PT slapped Ubik’s hand down. “Don’t touch anything.”

“I’m nowhere near it,” said Ubik, shaking the slapped wrist. “Aren’t you excited? This is the greatest discovery of the last fifty years. Maybe even the last hundred years.”

“I discovered a new Antecessor sigil a few days ago,” said Fig without looking up. “So it’s really only the greatest discovery this week.”

“A sigil? What was it, a few squiggly lines? This is the face of the Antecessors!”

“I don’t think so,” said PT.

“Could be,” said Fig. “Probably not.”

“Of course it is,” said Ubik. “This is the mystery solved. Who were they? What did they look like? What happened to them? All of the answers are here. Have you any idea what the people out there would give to have access to this beautiful face? Have you any idea what they’d do? To us? Rip us to pieces and put us back together so they could do it again. Oh, if they were ready to do us harm before, now they’ll do it twice as hard and poke our eyes out, too. We have the thing everyone wants, and everyone is going to tear off our heads and stick their—”

“Alright, we get the picture,” said PT. “Calm down, you’re upsetting Nifell.”

“What’s the timer?” said Nifell, his eyes bugging out. “What happens when it hits zero? How long have we got?”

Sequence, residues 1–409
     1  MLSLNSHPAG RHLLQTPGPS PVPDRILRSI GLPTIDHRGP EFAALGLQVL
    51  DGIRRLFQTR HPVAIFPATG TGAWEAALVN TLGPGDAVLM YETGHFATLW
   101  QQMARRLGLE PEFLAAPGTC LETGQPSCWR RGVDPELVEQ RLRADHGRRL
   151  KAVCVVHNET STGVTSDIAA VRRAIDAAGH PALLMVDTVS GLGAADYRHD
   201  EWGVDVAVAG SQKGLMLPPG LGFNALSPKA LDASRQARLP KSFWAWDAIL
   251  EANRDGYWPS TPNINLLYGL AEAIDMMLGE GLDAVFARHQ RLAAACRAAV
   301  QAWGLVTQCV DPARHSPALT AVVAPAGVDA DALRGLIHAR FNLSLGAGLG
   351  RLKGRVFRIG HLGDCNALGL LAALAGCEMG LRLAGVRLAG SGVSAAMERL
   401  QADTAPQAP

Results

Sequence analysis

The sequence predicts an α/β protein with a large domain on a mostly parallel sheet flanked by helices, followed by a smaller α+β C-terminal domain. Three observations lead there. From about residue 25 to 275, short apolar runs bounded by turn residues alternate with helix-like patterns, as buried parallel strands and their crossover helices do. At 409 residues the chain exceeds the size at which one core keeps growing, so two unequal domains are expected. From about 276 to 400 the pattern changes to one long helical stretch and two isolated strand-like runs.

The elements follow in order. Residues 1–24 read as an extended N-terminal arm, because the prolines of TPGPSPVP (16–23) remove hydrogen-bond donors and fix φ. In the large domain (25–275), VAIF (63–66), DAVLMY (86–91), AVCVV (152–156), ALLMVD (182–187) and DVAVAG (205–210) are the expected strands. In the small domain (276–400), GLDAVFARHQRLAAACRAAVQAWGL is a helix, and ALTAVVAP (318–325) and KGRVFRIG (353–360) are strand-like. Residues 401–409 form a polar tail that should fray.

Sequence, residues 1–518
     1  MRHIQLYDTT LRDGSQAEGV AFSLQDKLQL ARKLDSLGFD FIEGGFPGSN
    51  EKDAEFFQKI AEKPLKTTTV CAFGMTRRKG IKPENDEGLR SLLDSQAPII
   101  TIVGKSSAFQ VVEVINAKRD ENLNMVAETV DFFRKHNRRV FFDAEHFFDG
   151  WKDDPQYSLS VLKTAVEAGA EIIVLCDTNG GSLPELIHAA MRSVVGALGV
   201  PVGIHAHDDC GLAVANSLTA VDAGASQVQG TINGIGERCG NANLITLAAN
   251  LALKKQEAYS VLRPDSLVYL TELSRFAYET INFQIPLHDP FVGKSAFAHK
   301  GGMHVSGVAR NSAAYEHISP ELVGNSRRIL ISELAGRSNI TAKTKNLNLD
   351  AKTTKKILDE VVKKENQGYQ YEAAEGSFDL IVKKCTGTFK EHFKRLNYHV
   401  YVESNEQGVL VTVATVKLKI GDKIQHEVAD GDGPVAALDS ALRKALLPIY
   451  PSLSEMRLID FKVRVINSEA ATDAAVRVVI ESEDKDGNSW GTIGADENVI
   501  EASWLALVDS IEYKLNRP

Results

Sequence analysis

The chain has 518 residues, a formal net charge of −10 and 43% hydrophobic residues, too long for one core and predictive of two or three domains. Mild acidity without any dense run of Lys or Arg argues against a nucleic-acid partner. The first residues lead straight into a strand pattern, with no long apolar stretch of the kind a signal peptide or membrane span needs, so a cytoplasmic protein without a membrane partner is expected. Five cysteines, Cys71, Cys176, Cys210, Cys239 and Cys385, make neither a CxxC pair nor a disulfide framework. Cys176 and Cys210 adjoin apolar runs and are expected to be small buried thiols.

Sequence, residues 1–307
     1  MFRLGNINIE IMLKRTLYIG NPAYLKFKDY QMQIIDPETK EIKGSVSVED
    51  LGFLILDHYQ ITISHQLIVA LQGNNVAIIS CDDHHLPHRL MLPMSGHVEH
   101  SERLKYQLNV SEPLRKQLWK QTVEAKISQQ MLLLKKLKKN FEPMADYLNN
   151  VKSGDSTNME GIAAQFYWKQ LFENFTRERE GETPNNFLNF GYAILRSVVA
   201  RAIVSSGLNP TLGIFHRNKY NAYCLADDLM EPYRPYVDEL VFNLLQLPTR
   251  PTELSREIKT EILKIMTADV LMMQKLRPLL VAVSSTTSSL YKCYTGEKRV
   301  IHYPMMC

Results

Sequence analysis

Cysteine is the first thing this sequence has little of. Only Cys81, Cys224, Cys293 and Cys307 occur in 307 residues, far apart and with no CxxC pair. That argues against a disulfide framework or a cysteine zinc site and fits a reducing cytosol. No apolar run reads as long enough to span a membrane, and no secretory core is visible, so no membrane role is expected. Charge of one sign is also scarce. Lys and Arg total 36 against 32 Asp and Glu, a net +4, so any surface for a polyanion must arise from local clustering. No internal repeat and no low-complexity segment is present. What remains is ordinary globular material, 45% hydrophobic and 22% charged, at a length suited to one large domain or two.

The numbers above the head were still counting down. There were sixteen digits, the three on the far left all zero. The three on the right were the only ones changing, the furthest right faster than once a second, the one next to it slower than once a second and the one next to that slower than once a minute.

It wasn’t comparable to any known system of calculating time Ubik was aware of, but he felt he could get a rough idea of what it was indicating.

“I’d guess it’s somewhere between one year and one thousand years,” said Ubik.

“Fantastic,” said PT. “What’s the margin of error? Plus or minus infinity?”

“I’m just giving the outside figures,” said Ubik. “You have to start on the outer edge and work your way in. This is how science works.”